Moreover, the function of the Special Investigative Committee is similar to the function of the United States House of Representatives Judiciary Committee in In re Grand Jury Proceedings, 841 F.2d 1048 (11th Cir. 1988). Like the House Judiciary Committee, which was authorized to investigate allegations of misconduct in connection with the potential impeachment of a federal judge, the Special Investigative Committee is authorized to investigate allegations of misconduct in connection with the impeachment of Governor Blagojevich. Although the disclosures made in In re Grand Jury Proceedings involved only federal investigative officers, section 2510(7) and In re Electronic Surveillance, 49 F.3d 118 (6th Cir. 1995), establish that disclosures may be made between federal and state investigative officers. Accordingly, because the members of the Special Investigative Committee are and remain authorized by law to conduct investigations into the misconduct of defendant Blagojevich in connection with his impeachment, including conduct that violated the criminal laws of the United States, the members of the Special Investigative Committee are investigative officers as defined by section 2510(7) and thus are qualified to receive disclosures under section 2517(1) for use in the performance of their official duties.
II. No Basis Exists to Preclude the Requested Disclosure
Defendant Blagojevich and the "Unindicted, Unidentified Interceptee," also known as "Lobbyist 1," assert that the government's motion is mooted by the Illinois House of Representatives' vote to impeach defendant Blagojevich as the Governor of the State of Illinois.
The government's motion is not moot because the Special Investigative Committee's authority to investigate defendant Blagojevich's alleged misconduct is ongoing. Specifically, the 96th Illinois General Assembly has explicitly recognized the need for the members of the Special Investigative Committee to continue their investigation and has authorized them to take further evidence as necessary. Consequently, both the Special Investigative Committee and the investigation conducted by its members survive the expiration of the 95th Illinois General Assembly as well as the Illinois House of Representatives' decision on impeachment.
I have also considered the "Position Paper" filing of defendant Blagojevich (Dkt. No. 49) and the "Unindicted, Unidentified Interceptee" (Dkt. No. 51) and the reasons set forth in those documents explaining why no motions to suppress were filed at this time. Interceptee Robert Blagojevich stated in his separate filing of January 21, 2009, merely that he decided not to file a motion to suppress at this time. (Dkt. No. 48.)
The "Position Papers" filed by defendant Blagojevich on January 22, 2009 (Dkt. No. 49) and filed by the "Unindicted, Unidentified Interceptee" today (Dkt. No. 51) can be summarized by quoting paragraphs 12, 13 and 14 on page 4 of defendant Blagojevich's "Position Paper":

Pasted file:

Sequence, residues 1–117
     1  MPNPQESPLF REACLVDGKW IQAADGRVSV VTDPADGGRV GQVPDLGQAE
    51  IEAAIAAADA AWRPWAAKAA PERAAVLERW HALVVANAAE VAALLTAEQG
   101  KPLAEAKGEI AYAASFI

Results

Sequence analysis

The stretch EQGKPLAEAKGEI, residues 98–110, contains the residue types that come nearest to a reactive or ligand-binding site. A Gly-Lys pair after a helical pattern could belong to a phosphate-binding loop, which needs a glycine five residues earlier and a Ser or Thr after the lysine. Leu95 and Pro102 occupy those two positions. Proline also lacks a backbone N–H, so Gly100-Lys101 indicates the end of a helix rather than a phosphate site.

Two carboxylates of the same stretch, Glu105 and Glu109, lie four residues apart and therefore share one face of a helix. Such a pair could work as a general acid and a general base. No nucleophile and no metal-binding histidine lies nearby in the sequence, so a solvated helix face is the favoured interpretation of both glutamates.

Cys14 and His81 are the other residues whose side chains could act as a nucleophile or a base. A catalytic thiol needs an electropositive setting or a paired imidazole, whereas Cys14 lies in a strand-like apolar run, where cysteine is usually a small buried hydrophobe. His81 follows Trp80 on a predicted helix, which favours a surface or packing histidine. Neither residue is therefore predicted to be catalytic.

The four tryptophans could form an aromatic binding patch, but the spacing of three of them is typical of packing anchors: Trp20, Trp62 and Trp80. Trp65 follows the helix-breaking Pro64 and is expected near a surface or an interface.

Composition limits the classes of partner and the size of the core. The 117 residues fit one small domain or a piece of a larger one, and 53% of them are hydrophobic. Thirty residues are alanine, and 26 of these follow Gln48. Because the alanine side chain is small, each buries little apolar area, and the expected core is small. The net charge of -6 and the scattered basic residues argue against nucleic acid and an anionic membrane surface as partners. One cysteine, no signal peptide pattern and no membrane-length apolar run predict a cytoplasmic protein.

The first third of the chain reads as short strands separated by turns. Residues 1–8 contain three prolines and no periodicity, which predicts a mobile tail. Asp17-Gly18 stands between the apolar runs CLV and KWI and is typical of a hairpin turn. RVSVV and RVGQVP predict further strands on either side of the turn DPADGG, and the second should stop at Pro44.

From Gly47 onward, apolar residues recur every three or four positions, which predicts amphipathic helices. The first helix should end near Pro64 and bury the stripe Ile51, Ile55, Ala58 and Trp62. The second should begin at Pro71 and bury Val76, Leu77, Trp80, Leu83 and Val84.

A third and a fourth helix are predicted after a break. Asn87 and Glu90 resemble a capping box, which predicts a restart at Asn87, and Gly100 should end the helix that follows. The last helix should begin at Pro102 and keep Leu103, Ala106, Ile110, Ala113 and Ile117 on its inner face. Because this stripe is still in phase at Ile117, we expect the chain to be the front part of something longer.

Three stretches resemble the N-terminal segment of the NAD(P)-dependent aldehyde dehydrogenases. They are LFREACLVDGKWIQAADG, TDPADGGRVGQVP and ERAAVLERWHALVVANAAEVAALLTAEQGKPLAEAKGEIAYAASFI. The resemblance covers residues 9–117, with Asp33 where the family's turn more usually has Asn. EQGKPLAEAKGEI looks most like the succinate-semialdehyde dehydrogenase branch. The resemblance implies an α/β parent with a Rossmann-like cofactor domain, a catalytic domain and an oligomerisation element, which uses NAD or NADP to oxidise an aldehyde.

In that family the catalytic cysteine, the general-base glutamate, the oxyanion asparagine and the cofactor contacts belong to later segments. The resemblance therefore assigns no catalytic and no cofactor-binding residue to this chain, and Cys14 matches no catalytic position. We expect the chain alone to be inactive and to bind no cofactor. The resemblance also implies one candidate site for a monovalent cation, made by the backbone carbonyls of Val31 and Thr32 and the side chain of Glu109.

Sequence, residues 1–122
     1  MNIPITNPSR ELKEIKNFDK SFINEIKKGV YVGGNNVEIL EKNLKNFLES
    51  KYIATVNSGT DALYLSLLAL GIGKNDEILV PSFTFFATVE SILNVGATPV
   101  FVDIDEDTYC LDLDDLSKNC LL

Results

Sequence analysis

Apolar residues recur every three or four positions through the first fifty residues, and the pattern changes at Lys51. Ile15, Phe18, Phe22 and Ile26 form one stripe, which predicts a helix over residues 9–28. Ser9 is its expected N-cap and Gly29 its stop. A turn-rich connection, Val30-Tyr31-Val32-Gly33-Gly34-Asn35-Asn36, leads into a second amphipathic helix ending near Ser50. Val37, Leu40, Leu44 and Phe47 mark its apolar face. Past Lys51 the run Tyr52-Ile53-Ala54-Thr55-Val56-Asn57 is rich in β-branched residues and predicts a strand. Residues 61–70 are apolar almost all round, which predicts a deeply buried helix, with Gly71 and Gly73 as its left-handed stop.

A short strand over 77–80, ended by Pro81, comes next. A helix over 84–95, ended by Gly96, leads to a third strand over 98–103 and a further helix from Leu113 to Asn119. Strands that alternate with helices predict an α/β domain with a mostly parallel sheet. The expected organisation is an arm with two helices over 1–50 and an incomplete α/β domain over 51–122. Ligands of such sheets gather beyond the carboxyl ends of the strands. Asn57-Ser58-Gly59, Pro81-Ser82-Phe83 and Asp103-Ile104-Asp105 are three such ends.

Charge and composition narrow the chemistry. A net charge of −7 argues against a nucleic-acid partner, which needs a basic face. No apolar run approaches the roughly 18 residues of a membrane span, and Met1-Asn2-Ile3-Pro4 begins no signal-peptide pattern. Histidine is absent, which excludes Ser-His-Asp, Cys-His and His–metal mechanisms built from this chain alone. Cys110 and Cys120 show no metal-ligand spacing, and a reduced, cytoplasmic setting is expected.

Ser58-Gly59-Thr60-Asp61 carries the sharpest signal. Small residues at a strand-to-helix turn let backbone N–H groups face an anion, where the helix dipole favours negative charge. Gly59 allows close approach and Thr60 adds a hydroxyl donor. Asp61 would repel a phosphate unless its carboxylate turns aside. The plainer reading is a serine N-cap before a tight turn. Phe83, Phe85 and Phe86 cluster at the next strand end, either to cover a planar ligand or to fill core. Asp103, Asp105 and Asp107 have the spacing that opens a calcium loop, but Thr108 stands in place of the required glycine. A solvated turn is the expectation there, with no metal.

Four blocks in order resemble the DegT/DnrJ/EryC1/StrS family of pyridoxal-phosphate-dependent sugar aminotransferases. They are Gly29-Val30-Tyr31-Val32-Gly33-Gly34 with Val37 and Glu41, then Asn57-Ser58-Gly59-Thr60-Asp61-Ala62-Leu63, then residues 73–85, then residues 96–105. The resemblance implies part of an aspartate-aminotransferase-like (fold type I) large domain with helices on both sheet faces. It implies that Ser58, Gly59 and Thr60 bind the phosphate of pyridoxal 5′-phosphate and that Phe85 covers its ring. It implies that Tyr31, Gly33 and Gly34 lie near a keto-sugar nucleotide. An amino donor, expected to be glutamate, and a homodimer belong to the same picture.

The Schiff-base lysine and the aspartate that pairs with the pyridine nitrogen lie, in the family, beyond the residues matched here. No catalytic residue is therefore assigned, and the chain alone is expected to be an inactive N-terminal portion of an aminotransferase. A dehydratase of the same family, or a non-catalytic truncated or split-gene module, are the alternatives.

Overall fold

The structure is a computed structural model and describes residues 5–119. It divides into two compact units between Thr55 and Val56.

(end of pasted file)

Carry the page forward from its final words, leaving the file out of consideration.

12. Filing of a cogent and complete Title III suppression motion is [a] labor-intensive undertaking. Competent counsel must, for example, listen to all the recordings and analyze all the underlying Title III materials. That cannot be accomplished without the recordings or other materials within the time-frame presently set.
13. Governor Blagojevich appreciates the opportunity provided by the Court. But the issue is moot and a complete suppression motion cannot be formulated with the materials that have been provided by the government to date.
14. Importantly, by not bringing a motion at this date, Governor Blagojevich does not intend to waive any of his rights under Title III, United States Constitution, the United States Code or the Federal Rules of Criminal Procedure, including rights that vest after indictment, e.g., the right to receipt of Title III materials and the right to bring a pretrial suppression motion. (Dkt. No. 49 at 4.)
Taking the point in paragraph 14, first, all of defendant Blagojevich's rights, as well as the rights of all interceptees under Title III, the United States Constitution, the United States Criminal Code, and the Federal Rules of Criminal Procedure, including the right to receive discovery and the right to file a pretrial suppression motion, are preserved should an indictment be returned by the grand jury charging them with federal crimes.
As for defendant Blagojevich and the "Unindicted, Unidentified Interceptee" not filing any motions to suppress, I firmly believe that the time allotted for such filings was adequate in this pre-indictment setting. As I have stated before, I scrutinized the government's conduct regarding the electronic surveillance employed in this investigation during the course of this investigation. As Chief Judge, I am entrusted with the duty in connection with all government investigations, where the evaluation of an independent judicial officer is required, to protect the rights of all persons and entities under investigation against improper government conduct. I take that obligation seriously in every matter over which I preside, and have done so here. Consequently, I am well aware of the procedures followed by the government in this investigation. Based upon that, I firmly believe there has been compliance with the law.
Defendant Blagojevich has presented no meritorious basis to preclude the disclosure of those four redacted recordings.
For the reasons stated above, the requested disclosure of copies of the four redacted recordings that are the subject of the government's Motion to Disclose (Dkt. No. 16) and Supplement to the Motion to Disclose (Dkt. No. 52) is granted. Copies of the four redacted recordings and transcripts may be disclosed by the government to the members of the Special Investigative Committee as requested, to be used and, if appropriate, made public in the impeachment trial of Governor Rod R. Blagojevich as allowed by the rules thereof. The government is allowed to provide redacted copies thereof for that purpose immediately.
James F. Holderman Chief Judge